“I hope that people can now see what we are trying to do here, this city is vibrant, positive and forward-looking and that is exactly the kind of club we intend to be.”
"We need to do the basics right but it is in our DNA to throw the ball around like Puig Aubert in
WE KNOW WHEN TO TURN IT ON
STEVE BRADY speaks to France RL coach Laurent Frayssinous ahead of Saturday's Test Match against England
TONY GIGOT will face a hero’s return to Stade Gilbert Brutus if, as expected, he leads out France as captain for the first time for their international clash with England on Saturday.
The 30-year-old former Catalans Dragons star who helped his current club Toulouse Olympique reach promotion to Super League last week is the prime choice to lead a re-jigged France team hit by injuries to stars Ben Garcia, Julian Bousquet and Theo Fages.
But coach Laurent Frayssinous isn’t worried about the gaps in his squad and he insists the French team will be competitive against Shaun Wane’s England team.
He told Catalan Media: “We are all very excited and looking forward to the game. After the disappointment of the postponement of the World Cup we targeted this game as an objective to begin our preparations for the tournament next year.
“Our players will definitely be in the right frame of mind to take on England on Saturday. It’s been a long time since we played each other, too long, and even though we have a few important players out I can tell that the squad is up for this match.
“The missing players have plenty of experience between them so we may miss that during the game but there are some top-quality young French players who will be in the side.
“These players have performed incredibly well this season for Catalans Dragons and Toulouse and they are very keen to show what they can do at international level.”
Frayssinous is a former coach of the Dragons and he knows how special it will feel for his new captain to lead France in Perpignan.
He said, “Tony has had a great season with Toulouse, he is the most-capped player for France.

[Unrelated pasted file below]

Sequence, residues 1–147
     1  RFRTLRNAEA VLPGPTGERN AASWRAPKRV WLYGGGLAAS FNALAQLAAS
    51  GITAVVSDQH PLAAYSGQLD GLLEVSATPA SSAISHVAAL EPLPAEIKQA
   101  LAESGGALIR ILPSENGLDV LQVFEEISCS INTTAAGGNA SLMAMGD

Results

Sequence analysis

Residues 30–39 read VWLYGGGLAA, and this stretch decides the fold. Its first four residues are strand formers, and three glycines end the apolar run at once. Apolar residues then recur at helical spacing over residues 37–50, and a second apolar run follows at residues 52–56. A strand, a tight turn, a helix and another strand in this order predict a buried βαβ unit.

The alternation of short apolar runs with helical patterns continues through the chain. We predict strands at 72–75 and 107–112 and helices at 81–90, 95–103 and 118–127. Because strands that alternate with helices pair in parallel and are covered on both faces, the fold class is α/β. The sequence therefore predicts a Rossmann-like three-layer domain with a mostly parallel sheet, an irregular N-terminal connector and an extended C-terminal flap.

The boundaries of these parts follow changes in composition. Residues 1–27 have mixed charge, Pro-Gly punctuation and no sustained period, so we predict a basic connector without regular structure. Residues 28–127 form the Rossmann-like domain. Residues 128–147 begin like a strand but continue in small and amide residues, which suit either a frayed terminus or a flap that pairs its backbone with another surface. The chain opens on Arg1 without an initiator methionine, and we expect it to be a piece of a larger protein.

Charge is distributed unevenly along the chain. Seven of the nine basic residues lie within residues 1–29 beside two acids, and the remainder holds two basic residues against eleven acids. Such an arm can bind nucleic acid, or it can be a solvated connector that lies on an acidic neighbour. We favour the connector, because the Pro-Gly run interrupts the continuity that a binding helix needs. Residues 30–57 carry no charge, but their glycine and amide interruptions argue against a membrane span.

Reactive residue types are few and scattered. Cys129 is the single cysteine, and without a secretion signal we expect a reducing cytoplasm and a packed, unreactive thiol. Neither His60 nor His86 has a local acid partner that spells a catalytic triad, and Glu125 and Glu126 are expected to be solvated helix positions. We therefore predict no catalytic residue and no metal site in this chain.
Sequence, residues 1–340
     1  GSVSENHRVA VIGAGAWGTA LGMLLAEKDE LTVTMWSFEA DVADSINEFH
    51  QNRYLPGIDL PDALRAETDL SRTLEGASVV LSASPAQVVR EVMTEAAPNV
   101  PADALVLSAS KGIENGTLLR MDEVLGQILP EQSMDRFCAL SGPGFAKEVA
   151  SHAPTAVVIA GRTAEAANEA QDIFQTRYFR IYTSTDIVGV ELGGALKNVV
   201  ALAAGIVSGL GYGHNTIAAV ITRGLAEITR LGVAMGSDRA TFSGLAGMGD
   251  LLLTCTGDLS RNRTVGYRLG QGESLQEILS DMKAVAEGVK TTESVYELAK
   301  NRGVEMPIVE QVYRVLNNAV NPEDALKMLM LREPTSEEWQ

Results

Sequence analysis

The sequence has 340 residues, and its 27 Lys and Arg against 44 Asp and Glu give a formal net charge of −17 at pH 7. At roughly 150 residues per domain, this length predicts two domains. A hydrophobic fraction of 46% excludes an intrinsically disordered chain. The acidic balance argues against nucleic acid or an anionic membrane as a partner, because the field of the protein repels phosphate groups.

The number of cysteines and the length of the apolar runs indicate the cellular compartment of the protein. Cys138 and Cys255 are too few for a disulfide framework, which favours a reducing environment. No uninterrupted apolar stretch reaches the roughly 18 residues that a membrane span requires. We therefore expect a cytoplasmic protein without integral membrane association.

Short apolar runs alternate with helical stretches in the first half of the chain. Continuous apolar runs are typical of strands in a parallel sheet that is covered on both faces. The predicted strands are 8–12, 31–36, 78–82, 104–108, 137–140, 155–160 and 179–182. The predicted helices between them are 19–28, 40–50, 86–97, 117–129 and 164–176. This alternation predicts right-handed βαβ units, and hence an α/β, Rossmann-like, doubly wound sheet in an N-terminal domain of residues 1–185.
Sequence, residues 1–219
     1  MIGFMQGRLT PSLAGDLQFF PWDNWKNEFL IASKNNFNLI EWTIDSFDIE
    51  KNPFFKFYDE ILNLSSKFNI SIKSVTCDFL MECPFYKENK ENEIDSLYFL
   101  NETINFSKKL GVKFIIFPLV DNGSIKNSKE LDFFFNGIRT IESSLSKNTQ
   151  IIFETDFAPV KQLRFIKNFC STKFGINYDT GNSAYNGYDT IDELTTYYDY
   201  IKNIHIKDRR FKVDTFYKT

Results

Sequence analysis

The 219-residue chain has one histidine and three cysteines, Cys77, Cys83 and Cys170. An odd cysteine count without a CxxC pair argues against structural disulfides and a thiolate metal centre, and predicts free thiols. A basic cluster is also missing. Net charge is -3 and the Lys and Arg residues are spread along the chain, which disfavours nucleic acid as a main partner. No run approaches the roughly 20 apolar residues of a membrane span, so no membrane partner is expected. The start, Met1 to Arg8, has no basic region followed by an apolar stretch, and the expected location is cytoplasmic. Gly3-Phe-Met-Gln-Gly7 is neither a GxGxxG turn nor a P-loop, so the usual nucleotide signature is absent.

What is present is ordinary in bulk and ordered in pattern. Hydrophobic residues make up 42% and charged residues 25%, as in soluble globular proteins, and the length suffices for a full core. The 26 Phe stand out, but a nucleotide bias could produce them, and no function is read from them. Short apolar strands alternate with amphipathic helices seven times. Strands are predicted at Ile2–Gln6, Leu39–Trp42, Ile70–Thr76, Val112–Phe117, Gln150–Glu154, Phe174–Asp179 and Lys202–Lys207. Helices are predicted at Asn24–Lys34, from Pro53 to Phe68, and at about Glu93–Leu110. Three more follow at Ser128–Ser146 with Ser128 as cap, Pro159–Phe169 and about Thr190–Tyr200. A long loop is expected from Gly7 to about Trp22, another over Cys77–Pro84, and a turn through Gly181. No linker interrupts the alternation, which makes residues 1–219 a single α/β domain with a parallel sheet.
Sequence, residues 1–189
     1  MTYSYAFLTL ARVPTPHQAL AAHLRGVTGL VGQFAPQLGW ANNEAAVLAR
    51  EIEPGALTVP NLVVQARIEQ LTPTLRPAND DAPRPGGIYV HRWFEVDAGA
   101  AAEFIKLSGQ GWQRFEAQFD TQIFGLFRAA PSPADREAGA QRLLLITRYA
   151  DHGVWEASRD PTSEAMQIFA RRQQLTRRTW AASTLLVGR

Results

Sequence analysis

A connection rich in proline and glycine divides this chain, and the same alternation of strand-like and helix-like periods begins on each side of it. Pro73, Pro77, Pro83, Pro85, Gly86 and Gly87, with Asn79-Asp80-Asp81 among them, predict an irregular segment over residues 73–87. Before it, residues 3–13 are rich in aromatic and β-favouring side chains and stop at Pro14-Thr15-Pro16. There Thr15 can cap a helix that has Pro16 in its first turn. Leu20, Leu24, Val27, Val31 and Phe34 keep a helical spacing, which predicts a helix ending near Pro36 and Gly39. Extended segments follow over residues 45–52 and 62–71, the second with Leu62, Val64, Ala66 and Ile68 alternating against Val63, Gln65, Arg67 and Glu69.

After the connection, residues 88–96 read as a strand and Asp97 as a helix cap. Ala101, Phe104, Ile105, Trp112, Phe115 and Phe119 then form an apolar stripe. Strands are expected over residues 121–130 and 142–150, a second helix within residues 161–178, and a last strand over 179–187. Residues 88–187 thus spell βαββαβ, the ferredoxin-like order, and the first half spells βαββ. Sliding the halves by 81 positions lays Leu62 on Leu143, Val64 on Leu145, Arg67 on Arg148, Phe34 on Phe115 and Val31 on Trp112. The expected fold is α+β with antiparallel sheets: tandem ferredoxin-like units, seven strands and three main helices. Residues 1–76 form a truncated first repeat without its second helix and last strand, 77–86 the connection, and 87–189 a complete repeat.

“It will be an emotional return to Stade Brutus for him and also Eloi Pellissier, another former Catalans player, and I hope the people of Perpignan turn out to support them both and their fellow French players.
“It is up to us now to perform on the day and show England exactly what we are made of.”
Frayssinous said he appreciated the interest from overseas in seeing a stronger French national team and he accepted the pressure on his squad to perform against England at the weekend.
He said, “We are building something special here in France at the moment and that has to be reflected at national level.
“If you look at the work done by Steve McNamara at Catalans, the investment in youth and the decision to play young French players at the very highest level this year, it has a huge impact on the French squad.
“The fact that Toulouse will be playing Super League next year also gives confidence to members of the squad that they are good enough to compete with the very best.
“Last week we saw two fantastic Grand Finals involving Catalans and Toulouse and the ‘big-game’ experience the players have gained is invaluable.
“At the moment, everything seems to be going right for Rugby League in France so it is up to us now to show what the French team can do and this is the main goal for this game, to show that we are building and improving.
“There is a World Cup ahead of us, and hopefully one in France three years later, and everyone is excited about their international prospects.”
On the subject of a French Rugby League revival, Frayssinous paid tribute to a friend and former team-mate, adding, “I am very proud to see a French coach back in Super League, especially with such a prestigious cub as Toulouse Olympique.